Also starting with the 80s the linear algebra literature developed studies on a stronger type of matrix stability, called “diagonal stability”; pioneering works such as [25, 26] should be mentioned. In accordance with the monograph [27], a square matrix is Schur (resp., Hurwitz) diagonally stable if the Stein (resp., Lyapunov), inequality associated with that matrix has diagonal positive-definite solutions. As a natural expansion, our work [28] introduced the Stein (resp., Lyapunov), inequalities relative to a Hölder -norm, , and generalized the aforementioned diagonal stability concept to “Schur (resp., Hurwitz) diagonal stability relative to a Hölder -norm”—abbreviated as (resp., ). For , the framework proposed by [28] coincides with the classic approach presented by [27].

The (resp., ), , has been recently explored by our papers [29, 30] for interval matrices and for arbitrary polytopic matrices, respectively. It is worth saying that the monograph [27] addressed the standard case of diagonal stability (i.e. SDS2 and HDS2 in our nomenclature) for interval matrices.

During the last decade, diagonal stability ensured a visible research potential for systems and control engineering, mainly related to the simpler form of the Lyapunov function candidates, as outlined by works such as [2729, 3135]. These works use the same terminology “diagonal stability” in the sense of a system property that is induced by the original matrix property discussed in the previous paragraphs.

Our current paper focuses on the stability of a class of matrix polytopes of form (1) called “with a dominant vertex”—the concept is to be rigorously introduced by Definition 3 in the next section. We also study the dynamics of the polytopic systems associated with this class of matrix polytopes, described by the following equations: (i) in the discrete-time case,  (ii) in the continuous-time case,

In both models and , the entries of matrix are considered fixed (not time varying); they are uncertain in the sense that their values are incompletely known but surely satisfy the condition . In other words, a single matrix is used for modeling a certain evolution of the process, whereas for modeling two different evolutions (taking place separately) two distinct matrices , may be needed.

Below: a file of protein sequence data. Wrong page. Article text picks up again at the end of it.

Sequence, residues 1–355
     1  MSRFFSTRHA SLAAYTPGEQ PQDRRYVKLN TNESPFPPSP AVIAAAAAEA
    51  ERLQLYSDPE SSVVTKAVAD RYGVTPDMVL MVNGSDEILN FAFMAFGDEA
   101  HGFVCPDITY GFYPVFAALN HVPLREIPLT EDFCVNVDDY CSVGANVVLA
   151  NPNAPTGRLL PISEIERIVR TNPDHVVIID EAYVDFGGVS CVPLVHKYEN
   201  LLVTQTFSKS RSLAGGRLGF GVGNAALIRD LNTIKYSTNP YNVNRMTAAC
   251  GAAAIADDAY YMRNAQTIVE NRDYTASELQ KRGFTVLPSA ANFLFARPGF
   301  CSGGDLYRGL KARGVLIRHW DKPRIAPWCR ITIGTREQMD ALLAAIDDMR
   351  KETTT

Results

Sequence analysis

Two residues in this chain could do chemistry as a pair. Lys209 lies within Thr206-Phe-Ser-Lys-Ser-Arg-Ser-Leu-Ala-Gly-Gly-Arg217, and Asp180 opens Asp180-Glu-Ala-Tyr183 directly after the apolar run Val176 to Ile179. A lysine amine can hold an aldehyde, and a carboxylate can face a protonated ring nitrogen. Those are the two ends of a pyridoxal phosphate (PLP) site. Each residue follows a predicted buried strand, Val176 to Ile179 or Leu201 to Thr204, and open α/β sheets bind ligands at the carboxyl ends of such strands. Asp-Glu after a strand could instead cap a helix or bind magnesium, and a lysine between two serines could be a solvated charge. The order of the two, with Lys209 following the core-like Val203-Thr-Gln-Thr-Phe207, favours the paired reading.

1.2. Paper Structure

For a matrix polytope (1) with a dominant vertex, we prove that SS (resp., HS) is equivalent to (resp., ), , unlike the case of an arbitrary matrix polytope (e.g., [30]) where (i) (resp., ) is more conservative than SS (resp., HS) and (ii) results on and (resp., and ) may be different for , , . These aspects are discussed by Section 2 of our work. Section 3 analyzes the implications of Section 2 for the dynamics of a polytopic system , respectively , defined by a matrix polytope with a dominant vertex. We show that the asymptotic stability of such a system is equivalent to the existence of Lyapunov functions and contractive invariant sets expressed in terms of any Hölder -norm, by using an appropriate weighting matrix of diagonal form (whose positive entries depend on the chosen norm). The utility of our main results is illustrated in Section 4 by numerical examples, covering Schur (resp., Hurwitz) stability for matrix polytopes with a dominant vertex, as well as the implications for the dynamics of discrete-time (resp., continuous-time), polytopic systems.

Throughout the text, in equation numbering we use the extension S (resp., H), for referring to Schur (resp., Hurwitz) stability and/or to discrete-time (resp., continuous-time), dynamics—as in the above equation (resp., ). The extensions (S) and (H) play the same role for the labels of definitions and theorems.